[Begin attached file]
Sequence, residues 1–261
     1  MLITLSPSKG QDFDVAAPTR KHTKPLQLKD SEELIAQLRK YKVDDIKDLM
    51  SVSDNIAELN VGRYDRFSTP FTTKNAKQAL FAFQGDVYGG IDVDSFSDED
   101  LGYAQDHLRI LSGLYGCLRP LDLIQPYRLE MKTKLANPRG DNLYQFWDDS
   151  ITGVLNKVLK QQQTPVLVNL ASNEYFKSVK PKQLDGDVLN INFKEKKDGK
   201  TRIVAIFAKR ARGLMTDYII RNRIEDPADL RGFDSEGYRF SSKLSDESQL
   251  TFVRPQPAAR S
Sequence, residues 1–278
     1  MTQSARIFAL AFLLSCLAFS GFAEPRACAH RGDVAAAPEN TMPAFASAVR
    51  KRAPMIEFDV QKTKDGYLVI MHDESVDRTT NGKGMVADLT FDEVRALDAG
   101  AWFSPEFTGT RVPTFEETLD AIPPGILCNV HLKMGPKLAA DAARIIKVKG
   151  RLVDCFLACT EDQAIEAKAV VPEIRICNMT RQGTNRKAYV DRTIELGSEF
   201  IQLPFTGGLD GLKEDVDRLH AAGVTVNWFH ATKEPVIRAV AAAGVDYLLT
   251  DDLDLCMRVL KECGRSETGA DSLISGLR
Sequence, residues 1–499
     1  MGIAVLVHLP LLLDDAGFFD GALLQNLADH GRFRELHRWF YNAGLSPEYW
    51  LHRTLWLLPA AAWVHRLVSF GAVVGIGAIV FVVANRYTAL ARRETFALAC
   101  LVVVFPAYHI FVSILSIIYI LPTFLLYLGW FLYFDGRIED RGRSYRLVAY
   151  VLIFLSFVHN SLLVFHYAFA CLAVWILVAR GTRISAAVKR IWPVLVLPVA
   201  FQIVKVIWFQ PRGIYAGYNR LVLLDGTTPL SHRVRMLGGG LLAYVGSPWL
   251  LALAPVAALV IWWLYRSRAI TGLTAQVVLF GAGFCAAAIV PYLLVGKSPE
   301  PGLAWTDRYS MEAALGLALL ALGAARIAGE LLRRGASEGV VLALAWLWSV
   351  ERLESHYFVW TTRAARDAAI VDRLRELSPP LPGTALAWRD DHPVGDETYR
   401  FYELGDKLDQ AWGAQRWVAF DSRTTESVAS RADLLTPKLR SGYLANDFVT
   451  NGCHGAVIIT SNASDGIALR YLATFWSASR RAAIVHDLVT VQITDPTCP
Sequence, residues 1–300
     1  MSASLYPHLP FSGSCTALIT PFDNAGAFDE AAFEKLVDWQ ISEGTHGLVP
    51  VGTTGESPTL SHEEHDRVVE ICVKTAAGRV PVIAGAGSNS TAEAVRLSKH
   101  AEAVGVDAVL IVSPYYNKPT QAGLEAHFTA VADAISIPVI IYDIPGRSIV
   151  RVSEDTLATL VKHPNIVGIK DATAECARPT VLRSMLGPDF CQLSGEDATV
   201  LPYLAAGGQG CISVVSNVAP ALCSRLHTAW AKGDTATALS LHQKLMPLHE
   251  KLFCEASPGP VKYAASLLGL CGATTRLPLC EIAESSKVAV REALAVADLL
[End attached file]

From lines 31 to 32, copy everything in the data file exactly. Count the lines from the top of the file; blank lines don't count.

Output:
   201  LPYLAAGGQG CISVVSNVAP ALCSRLHTAW AKGDTATALS LHQKLMPLHE
   251  KLFCEASPGP VKYAASLLGL CGATTRLPLC EIAESSKVAV REALAVADLL